Archive for June, 2011

Jun
14

Open House Checklist

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In Manhattan, Open Houses are a way of life when trying to sell an apartment.  Think of an Open House as opening night for your favorite Broadway play.  You want the rave reviews that will bring in the offers!

You’ve done all the cleaning and maintenance recommended by your Broker or Stager.  Here are a few last minute things to do before your open house. 

  • Pick up and store loose toys
  • Pick up and put away anything that doesn’t belong in the space
  • Put away last minute clutter (mail, newspapers, keys, etc) in a safe place
  • Put away toiletries, cosmetics, appliances in bath and bedrooms and store in basket/caddy in linen closet or vanity
  • Secure small personal valuables (electronics, jewelry, etc)
  • Turn on all the lights in every room
  • Turn on interior cabinet lights
  • Open blinds and window coverings
  • Make sure your apartment is spotless:  wipe down cabinets and countertops, tables and mirrors.
  • Vacuum high traffic areas
  • Fluff pillows and straighten coffee table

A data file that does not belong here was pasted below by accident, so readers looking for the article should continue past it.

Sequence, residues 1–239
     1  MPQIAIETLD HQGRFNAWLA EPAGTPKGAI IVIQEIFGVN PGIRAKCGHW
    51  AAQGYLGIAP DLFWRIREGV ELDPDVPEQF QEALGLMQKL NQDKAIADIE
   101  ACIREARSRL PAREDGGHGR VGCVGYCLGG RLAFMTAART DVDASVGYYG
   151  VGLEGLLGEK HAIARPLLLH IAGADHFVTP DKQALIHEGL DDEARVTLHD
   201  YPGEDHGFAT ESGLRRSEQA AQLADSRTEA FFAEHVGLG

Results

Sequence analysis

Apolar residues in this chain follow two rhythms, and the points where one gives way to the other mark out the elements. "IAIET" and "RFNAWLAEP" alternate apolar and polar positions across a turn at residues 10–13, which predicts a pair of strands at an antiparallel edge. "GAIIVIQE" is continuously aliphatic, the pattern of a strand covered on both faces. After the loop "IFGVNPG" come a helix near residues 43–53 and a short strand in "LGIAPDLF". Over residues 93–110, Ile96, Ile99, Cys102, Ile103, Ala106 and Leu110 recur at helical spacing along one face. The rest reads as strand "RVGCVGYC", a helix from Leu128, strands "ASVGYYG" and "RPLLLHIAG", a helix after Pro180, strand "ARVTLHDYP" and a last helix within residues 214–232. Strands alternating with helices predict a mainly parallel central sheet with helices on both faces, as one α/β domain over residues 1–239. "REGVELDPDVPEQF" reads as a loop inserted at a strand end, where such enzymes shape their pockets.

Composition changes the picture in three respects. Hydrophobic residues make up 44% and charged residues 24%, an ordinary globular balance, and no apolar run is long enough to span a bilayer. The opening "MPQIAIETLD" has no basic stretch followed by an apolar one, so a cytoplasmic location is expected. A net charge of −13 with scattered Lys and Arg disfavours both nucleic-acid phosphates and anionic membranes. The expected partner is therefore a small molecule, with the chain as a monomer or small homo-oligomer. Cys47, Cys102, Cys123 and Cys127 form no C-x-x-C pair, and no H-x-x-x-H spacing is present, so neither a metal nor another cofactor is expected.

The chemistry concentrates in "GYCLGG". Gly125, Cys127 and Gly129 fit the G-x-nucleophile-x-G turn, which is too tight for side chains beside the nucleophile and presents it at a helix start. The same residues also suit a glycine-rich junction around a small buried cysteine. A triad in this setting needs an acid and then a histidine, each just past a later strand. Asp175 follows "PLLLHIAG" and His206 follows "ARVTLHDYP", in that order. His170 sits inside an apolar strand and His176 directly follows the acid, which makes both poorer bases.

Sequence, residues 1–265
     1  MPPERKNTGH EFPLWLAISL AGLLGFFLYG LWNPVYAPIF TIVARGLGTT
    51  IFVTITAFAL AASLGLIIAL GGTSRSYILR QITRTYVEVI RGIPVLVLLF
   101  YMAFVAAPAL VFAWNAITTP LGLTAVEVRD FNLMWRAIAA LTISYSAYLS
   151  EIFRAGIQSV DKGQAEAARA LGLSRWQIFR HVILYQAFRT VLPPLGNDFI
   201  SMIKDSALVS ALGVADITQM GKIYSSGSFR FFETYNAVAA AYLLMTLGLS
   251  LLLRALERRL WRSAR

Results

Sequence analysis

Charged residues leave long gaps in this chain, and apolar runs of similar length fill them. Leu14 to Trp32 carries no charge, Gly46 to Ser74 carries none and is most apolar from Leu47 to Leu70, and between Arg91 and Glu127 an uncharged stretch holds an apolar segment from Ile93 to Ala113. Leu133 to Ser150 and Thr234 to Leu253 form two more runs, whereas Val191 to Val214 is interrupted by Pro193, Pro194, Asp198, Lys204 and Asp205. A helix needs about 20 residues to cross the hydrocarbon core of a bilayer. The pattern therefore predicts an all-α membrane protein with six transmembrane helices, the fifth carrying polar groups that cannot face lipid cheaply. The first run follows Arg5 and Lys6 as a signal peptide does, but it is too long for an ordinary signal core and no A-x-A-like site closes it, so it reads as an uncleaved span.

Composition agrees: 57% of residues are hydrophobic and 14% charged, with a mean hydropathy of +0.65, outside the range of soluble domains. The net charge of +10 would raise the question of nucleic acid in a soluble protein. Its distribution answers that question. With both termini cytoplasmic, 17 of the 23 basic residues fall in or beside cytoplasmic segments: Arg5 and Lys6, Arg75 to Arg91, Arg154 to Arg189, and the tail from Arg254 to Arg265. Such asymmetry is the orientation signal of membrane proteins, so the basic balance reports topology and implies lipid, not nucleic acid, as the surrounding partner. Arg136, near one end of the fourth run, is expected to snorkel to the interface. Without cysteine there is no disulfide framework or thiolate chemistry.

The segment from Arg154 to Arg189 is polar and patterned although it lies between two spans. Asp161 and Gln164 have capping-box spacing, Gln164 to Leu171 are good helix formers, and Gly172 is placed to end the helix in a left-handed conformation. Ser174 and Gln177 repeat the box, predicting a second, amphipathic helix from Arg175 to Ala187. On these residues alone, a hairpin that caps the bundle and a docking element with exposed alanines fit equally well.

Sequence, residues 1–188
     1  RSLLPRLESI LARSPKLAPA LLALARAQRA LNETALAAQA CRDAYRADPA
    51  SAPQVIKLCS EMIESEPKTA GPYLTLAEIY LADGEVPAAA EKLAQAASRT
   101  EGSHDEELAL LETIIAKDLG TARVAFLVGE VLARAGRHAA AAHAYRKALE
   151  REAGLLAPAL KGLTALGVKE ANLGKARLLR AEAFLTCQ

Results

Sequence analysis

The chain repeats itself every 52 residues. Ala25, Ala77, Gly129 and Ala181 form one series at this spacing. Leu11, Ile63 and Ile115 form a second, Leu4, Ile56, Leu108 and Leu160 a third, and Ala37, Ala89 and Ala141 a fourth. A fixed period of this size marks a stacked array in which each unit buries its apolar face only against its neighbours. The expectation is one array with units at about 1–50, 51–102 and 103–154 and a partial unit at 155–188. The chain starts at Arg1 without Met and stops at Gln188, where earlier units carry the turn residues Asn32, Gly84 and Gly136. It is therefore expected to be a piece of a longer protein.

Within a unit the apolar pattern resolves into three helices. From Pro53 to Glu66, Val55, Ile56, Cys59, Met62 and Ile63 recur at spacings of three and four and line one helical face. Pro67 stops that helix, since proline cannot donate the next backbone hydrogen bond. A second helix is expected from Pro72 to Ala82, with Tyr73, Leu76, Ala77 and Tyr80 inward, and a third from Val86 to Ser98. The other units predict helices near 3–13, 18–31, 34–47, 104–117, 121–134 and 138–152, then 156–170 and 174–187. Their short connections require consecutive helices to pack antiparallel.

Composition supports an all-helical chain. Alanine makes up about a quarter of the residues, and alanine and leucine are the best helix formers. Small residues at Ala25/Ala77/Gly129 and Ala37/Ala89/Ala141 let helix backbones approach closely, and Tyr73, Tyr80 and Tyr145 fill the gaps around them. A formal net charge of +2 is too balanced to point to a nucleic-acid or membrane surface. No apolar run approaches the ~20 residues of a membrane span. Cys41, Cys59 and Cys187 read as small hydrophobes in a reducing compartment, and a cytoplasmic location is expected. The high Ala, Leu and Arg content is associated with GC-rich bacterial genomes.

• Close closet doors
  • Make sure your pets are out of the apartment for their safety and the safety of visitors.  Also make sure their dishes, litter boxes, beds are removed.
  • Empty garbage cans, especially kitchen and bathroom
  • Set out ‘good’ towels in bathroom
  • Toilet seats and lids should be down
  • Make beds and straighten pillows in all bedrooms
  • Fresh flowers in strategic locations (but don’t overdo it!)

 Read more about presenting your home in the best possible light from an insightful home stager I have worked with, Donna Dazzo.

Categories : Selling, Staging
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Jun
10

Week in Review: News You Can Use June 10, 2011

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  • Foreclosures fall 38% in May for New York City according to data from PropertyShark.com, the total number of residential foreclosures fell last month from May 2010, however co-op apartments made up 79% of all new foreclosure auctions scheduled. Read it all in Crain’s New York
  • Federal Reserve publishes Beige Book June 8, 2011 “The Second District’s economy has continued to expand since the last report, though at a somewhat diminished pace.”
  • City’s Design Sector grew 75% the past decade:  “More designers are employed here than in any other U.S. city, thanks in part to an explosion in recent years of Brooklyn-based companies, said the report, released on Wednesday by The Center for an Urban Future, a think tank in Manhattan. It noted that the number of Brooklyn-based firms spiked from 257 in 2001 to 433 in 2009, for a 70% increase”.  Read it all in Crain’s New York.
  • The Bullish Case for the U.S. Economy  “Investment strategist Robert Doll says America’s edge is faster population growth, companies that are global in scope, and a culture of innovation and entrepreneurship.”  Read it all in the Wall Street Journal.